There are several types of late savers who are trying to make up for lost time:
Procrastinators with little or no past and current savings. This could be for any number of reasons including high monthly living expenses, overextended credit, poor spending habits, lack of financial discipline, and negative life events, such as unemployment, bouts of illness or disability, and divorce.
People who are currently saving for retirement but got a late start and are trying to make up for lost time. Perhaps they are saving more than they ever did before and are taking advantage of the higher contribution limits allowed for IRAs and tax-deferred employer savings plans. These are people who are now making a serious effort to save but need help catching up.
People who invested and lost some of their retirement savings. Perhaps they lacked diversification by not selecting different asset classes (e.g., stocks, bonds, and cash) or invested in risky high-tech start-up firms or tried unsuccessfully to practice market timing (i.e., trying to time investments to the highs and lows of the market). They may have also simply experienced market risk, where investment values track normal market fluctuations and the value of equity assets declines during market downturns.
The good news is that it's not too late to take action to secure your future. Remember that your investment time horizon is the rest of your life...not your retirement date. This means that, if you are 45 years old today and live to age 90, you have 45 years for your money to grow through the power of compound interest. Long time frames may also reduce market volatility.
If there was ever a good time to be a late saver, this is it. Thanks to the 2001 tax law, workers have more opportunities to save for retirement in tax-advantaged accounts than ever before. Increased retirement plan contribution amounts, coupled with extra "catch-up" savings and the power of compound interest, can greatly enhance a late saver's future financial security.
During the decade of the 2000s, there are increasing annual contribution limits for both Roth and Traditional individual retirement accounts (IRAs). There are also increasing maximum annual contribution limits for tax-deferred retirement savings plans available through employment: 401(k)s (for employees of private corporations), 403(b)s (for employees of schools, colleges, and nonprofit organizations), and Section 457 deferred compensation plans (for state and local government workers).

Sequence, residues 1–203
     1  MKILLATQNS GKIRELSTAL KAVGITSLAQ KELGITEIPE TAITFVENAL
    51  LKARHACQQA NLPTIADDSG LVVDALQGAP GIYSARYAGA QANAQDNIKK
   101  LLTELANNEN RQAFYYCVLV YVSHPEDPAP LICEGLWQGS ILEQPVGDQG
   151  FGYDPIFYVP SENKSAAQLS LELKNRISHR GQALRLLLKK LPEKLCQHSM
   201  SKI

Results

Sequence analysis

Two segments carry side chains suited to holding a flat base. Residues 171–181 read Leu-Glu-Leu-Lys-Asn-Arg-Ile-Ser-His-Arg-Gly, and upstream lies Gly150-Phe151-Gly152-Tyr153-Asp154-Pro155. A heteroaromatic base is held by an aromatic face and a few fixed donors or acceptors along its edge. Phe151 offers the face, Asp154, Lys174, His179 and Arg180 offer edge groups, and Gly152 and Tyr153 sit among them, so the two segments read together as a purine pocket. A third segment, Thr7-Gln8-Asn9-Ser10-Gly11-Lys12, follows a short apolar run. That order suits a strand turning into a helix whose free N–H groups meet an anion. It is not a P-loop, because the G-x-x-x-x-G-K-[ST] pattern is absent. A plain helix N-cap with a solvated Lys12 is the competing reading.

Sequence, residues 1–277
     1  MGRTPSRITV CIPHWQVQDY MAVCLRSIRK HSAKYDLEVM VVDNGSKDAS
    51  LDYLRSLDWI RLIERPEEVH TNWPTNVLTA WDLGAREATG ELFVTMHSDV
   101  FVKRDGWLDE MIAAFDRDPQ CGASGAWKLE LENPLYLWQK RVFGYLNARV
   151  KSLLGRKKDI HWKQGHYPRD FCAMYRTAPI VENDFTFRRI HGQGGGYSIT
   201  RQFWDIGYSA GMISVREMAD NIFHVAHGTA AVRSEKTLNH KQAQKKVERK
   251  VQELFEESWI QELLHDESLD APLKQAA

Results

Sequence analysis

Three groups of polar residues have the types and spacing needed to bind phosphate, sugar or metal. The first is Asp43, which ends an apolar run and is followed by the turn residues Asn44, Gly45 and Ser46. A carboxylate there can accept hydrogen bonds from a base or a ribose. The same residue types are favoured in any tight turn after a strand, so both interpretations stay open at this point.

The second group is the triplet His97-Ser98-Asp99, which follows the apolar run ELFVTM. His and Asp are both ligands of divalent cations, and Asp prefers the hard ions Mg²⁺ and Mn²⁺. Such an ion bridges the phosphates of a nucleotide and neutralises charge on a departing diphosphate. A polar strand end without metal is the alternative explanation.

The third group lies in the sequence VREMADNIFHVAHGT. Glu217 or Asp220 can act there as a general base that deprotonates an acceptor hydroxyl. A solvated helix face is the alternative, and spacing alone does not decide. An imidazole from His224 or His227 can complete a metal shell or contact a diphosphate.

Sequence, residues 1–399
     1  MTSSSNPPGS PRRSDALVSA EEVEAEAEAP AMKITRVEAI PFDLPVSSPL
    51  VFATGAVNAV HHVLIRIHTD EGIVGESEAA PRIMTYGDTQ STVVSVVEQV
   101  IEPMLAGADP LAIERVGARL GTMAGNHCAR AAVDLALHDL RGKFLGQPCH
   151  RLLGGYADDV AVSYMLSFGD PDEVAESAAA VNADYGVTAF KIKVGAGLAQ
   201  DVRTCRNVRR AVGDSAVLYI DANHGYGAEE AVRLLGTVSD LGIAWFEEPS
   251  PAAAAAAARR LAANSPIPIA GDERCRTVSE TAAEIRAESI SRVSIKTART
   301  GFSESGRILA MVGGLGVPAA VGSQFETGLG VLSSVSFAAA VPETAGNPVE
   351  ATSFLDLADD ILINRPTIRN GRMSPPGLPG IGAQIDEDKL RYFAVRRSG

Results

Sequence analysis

In addition, there are catch-up provisions (i.e., extra savings amounts) for people age 50 (by the end of the calendar tax year) and older for both IRAs and tax-deferred employer plans. Contribution limits and catch-up amounts are both increasing gradually through 2010, after which the 2001 tax law is currently set to expire (if Congress does not extend it).
Two other recent tax law incentives are the tax credit (of up to 50% of the amount contributed) for retirement contributions by lower income workers (Note: this is only in effect for five years from 2002 through 2006) and increased contribution limits for SIMPLE, SEP, and Keogh plan for self-employed persons.
There is a popular saying about taking responsibility for one's actions: "If it is to be, it is up to me." Workers are increasingly "on their own" to prepare for retirement as government and employer supports (e.g., defined benefit pensions and retiree health insurance) continue to erode over time. A helpful resource for late savers is the Guidebook to Help Late Savers Prepare for Retirement developed by the National Endowment for Financial Education. To access or download a copy of the Guidebook to Help Late Savers Prepare for Retirement, go to the Multimedia Access section of the NEFE Web site at www.nefe.org and click on "Resources for Consumers."